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The deaf community’s frustration with Netflix may be going away, or at least subsiding for now. Netflix has enabled closed captioning for some TV episodes and movies that you can watch instantly on your PC or Mac, says Neil Hunt, Chief Product Officer at Netflix. Although it’s a limited library of content with subtitles available — about 100 titles, including most episodes of “Lost” Seasons 1-4 — Netflix now has released the technology and “will be working to fill in the library over time.” Currently, the captions only work on computers, including PCs and iPads. Netflix says it is working on captions for its game console, Blu-ray, and DTV platforms, which will roll out in releases starting this fall, along with support for 5.1 audio. Netflix offers a flat rate movie-delivery service but as more content is moving online, Netflix has been under pressure to use technology that will caption streaming TV ... keep reading »
Ah, video and search. Frank Sinatra said it best: Try, try, try to separate them – it’s an illusion. Here’s proof of that: Speech Technology. This week, Google sealed the deal on video search capabilities for its YouTube portal, saying it would provide auto-captions for all of its uploaded videos using proprietary Google’s Speech Technology. Google’s initiative, piloted in November, began with a handful of partner channels including PBS, Stanford University and National Geographic. It has now expanded to all uploaded English-speaking videos, with more languages to be added later this year. With this news, Google establishes itself as a frontrunner in the Internet programming space. As a company built on search, search, and more search, Google is now able to capitalize on its investment in speech-to-text technology to index videos, target advertising and create an actual profit margin for YouTube. In fact, video search is likely why Google acquired YouTube in ... keep reading »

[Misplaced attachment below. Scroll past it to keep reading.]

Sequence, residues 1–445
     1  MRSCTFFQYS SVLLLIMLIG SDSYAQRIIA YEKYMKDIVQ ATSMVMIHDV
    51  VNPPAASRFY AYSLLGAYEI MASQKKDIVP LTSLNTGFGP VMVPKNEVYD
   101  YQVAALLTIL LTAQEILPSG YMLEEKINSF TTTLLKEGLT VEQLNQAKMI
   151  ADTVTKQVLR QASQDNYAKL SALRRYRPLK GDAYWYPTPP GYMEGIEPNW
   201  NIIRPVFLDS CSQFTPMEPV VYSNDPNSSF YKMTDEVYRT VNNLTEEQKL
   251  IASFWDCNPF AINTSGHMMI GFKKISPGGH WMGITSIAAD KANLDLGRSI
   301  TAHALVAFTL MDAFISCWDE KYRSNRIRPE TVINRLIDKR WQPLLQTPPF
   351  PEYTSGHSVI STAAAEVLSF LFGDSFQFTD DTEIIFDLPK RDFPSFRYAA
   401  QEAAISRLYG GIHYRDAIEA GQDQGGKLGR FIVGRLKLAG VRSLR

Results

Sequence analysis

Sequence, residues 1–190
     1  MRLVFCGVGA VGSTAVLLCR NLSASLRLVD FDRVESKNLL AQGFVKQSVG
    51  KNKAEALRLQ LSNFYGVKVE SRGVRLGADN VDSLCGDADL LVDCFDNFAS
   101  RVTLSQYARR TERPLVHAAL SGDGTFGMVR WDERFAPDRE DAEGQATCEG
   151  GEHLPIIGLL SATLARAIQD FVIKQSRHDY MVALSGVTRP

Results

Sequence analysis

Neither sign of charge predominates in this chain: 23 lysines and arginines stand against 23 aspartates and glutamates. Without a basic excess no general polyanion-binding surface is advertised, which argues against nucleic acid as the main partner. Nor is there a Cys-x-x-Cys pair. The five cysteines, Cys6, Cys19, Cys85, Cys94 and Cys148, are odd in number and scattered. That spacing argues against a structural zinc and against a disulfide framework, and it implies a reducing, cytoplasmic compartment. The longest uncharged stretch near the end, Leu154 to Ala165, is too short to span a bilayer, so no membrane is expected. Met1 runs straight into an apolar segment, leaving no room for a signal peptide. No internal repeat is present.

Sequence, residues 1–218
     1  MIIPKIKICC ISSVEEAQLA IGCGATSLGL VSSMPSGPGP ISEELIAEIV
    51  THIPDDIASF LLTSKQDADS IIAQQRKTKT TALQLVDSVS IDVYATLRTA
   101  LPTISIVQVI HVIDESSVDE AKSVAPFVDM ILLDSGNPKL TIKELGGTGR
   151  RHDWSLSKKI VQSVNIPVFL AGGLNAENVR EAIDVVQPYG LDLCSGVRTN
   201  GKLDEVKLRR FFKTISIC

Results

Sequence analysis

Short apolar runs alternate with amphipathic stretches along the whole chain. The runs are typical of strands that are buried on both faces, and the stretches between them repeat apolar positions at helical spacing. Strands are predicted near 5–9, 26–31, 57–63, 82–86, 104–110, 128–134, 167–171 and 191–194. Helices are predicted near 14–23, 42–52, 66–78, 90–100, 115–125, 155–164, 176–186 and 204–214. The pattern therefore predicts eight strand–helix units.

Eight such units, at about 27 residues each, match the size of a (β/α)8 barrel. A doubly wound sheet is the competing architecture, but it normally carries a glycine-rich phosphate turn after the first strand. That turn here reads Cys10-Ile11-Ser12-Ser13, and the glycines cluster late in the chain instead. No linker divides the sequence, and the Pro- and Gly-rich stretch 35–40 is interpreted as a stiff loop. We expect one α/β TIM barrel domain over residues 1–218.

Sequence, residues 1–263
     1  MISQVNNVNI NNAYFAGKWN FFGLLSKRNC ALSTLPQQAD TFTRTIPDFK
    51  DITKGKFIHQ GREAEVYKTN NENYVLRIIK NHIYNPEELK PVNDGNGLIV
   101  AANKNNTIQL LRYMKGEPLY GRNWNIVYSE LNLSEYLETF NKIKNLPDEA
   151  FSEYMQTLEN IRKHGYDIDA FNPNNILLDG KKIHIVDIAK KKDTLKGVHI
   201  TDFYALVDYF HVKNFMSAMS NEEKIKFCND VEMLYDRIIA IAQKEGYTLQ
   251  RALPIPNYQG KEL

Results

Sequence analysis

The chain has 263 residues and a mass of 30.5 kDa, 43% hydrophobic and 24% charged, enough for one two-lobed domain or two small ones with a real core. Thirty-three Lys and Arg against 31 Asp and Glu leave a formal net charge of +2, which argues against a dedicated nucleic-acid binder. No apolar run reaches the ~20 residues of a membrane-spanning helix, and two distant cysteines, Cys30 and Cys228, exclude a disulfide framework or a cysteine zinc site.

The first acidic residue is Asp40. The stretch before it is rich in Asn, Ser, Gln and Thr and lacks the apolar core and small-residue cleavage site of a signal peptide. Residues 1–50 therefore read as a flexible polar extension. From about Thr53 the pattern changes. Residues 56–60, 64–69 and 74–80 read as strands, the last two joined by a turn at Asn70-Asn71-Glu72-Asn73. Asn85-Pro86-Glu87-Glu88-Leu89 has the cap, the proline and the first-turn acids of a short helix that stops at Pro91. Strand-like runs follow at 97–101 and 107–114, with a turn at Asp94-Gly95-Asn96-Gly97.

On November 6 the FCC held a Field Hearing on Broadband Access for People with Disabilities at Gallaudet University in Washington, D.C. The hearing is one of many that will discuss ways to bring access to broadband to the nation’s 54 Americans with disabilities. The meeting included panelists from A.G. Bell, the American Foundation for the Blind, and the Coalition of Organizations for Accessible Technology, a group that’s making a big push for a federal law that would require, among other innovations, closed-captions (for the deaf) and video descriptions (for the blind) for Internet TV and movies. Academy-Award winning actress Marlee Matlin also served as a panelist on behalf of the National Association of the Deaf. Federal Communications Commission Michael J. Copps spoke at the start of the meeting, and made it clear that the agency is working to make broadband access a reality for the disabled. Here are excerpts ... keep reading »
It didn’t mention Abledbody and I’m not really a Yankees fan, but I got a mention in today’s insightful New York Times article about Cory Macchiarola, the man who is behind the scenes captioning Yankees and Mets’ games for the deaf and hard of hearing. It’s a really tough job, I can imagine. Macchiarola began his career captioning Yankees games for TV in real-time. Not only did he capture the broadcasters’ play-by-play, he also translated live commentary from the sportscasters — some who talk a mile a minute; others who discuss “obscure movies with foreign names or unexpected topics like the fear of flutes (aulophobia).” After several grueling years with the Yankees, Macchiarola took a job at Citi Field to caption the comparatively easy public-address announcements at Mets’ games, which appear on the scoreboard. A lot of the text can be pre-programmed, including the lyrics for the Star Spangled Banner and Sweet ... keep reading »

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